Join the dedicated leaders of GlobalGiving’s Climate Action Fund as they share what inspires their commitment to climate conservation, despite all obstacles.
Maestra Pati, a leader in Grupo Ecológico Sierra Gordo’s conservation work, is well aware of the incredible odds climate activists must face.
“We know that we might not save the planet. Despite that, we have to keep hope and to try to fulfill this miracle of love. We hope to put enough will, love, sense of belonging, and action into the world so that maybe something better will arise from this.”
For Maestri, the key to building a better planet for future generations is simple: we all must do our part in the fight for climate conservation.
“My hope for the future, with all these bad things moving forward so fast, is to do my best until the very last minute I have here. That’s the very best I can hope for. A single person can make a difference. Do your best you can for your own land. That makes a difference.”
Michael Shafer, the founder of Warm Heart Foundation Worldwide, became a climate activist to protect the earth for future generations.
“I am not a ‘climate champion.’ I am a concerned parent. Like all parents, I want my children to have a wonderful future. For me, that means at the very least living in a world like the one I grew up in.”
This sense of responsibility goes back generations.
“My father’s father sacrificed to feed him. My father sacrificed to educate me. I can sacrifice to ensure my children a healthy earth. If not, I may have sacrificed them. I cannot allow that to be my legacy. Avoiding it does not make me a champion; it makes me human.”
Aviram Rozin, project leader for Sadhana Forest’s work in Kenya, shares that it is his deeply personal sense of ownership which drives him to be a tireless climate activist.
“It is easier for me to live without making compromises on my principles. As a leader of Sadhana Forest in Kenya, I live in a structure made from local, natural materials, eat organic food, and use only solar energy, as well as dry composting toilets. My motivation is sustained by the deep feeling that I am doing the right thing for myself, my family, people in our bioregion, humankind, all living beings, and Planet Earth.”
Ultimately, Aviram knows any sacrifice he makes is worthwhile.
“The goal is so big that any obstacle looks like a speck of dust. It can disturb us, but it cannot steer us away from our path.”
Austin Bowden-Kerby has been inspired by the beauty of coral reefs since he was a child.
“As a boy of eleven, my family moved to Saipan, just north of Guam, where I was able to snorkel on glorious coral reefs. Their sheer beauty and rich diversity awed and transformed me.”
As the reefs declined, Austin’s commitment to coral conservation grew despite numerous aquatic setbacks.
“Coral reefs are among the first ecosystems collapsing from climate change, so this is where we must now make our stand. We must save the reefs to save the planet.”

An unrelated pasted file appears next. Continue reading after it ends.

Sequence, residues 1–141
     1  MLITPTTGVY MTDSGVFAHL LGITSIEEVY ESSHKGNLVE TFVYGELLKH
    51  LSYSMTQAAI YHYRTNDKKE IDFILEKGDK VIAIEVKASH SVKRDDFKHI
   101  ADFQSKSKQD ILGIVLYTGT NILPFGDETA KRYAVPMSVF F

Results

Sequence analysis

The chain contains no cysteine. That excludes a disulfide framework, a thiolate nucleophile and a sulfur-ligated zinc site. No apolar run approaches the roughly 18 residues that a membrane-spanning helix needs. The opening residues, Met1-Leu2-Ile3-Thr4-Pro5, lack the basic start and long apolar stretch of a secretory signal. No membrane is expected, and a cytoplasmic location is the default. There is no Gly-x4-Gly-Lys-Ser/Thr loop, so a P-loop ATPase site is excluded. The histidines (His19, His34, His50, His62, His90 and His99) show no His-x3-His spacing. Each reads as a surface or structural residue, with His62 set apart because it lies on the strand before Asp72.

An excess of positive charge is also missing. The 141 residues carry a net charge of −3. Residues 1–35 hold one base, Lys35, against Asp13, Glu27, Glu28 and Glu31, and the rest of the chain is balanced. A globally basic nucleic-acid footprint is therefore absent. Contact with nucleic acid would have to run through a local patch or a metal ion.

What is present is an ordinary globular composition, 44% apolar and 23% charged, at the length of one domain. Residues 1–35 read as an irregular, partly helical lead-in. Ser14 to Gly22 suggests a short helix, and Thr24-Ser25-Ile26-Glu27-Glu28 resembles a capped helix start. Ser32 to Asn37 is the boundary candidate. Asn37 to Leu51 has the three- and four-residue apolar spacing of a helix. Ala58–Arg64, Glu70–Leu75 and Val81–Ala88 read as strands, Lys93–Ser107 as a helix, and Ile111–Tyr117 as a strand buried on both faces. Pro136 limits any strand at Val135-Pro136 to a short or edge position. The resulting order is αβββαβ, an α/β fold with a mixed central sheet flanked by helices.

“It has been fun to be a part of saving the Blue Planet, but it has not been easy. I’ve had assorted close encounters with sharks and enterprising seagulls, suffered from coral abrasions and ear problems from too much time in the water, and had to sleep more times than I like to recount on the sandy bare ground or in dorm situations with snorers.”
However, none of these challenges have diminished Austin’s commitment.
”All these obstacles fade away in memory, but what remains is the legacy of imparting the knowledge of coral gardening. Seeing the excited faces of the younger generation as they take part in the miracle of regrowth brings me joy. These are truly ‘reefs of hope’—a ray of brilliant light in these very dark times.”
Permaculture Research Coordinator Alan Chumbe was born and raised in one of the most breathtaking parts of our planet: the Amazon Rainforest. As the years passed, shifts in the seasons reflected larger changes in global climate systems.
“As a child I looked forward to the beaches on the rivers and to harvest the fruits during the dry season. I also looked forward to the rainy weather. Both seasons always occurred the same months, each year with impressive accuracy. Over time, climate change forced farmers to get used to the new sowing and harvesting cycles, the fish were less and less abundant and smaller in size, and so many things changed for us.”
Nonetheless, Alan maintains his belief that humans can live in harmony with our planet.
“Despite all obstacles, we can still live in peace with nature, benefiting each other, if we just stop thinking about the superiority of man on Earth. She is our mother and teacher, who teaches us that the solution to this and future crises is in this new generation, is in ourselves.”
The fight against global climate change may seem daunting but together, we can protect our planet. Support local leaders making a global impact by joining our Climate Action Fund today!Featured Photo: Regenerative Food Forest in the Amazon, Peru by Instituto Chaikuni
Find exactly what you're looking for in our Learn Library by searching for specific words or phrases related to the content you need.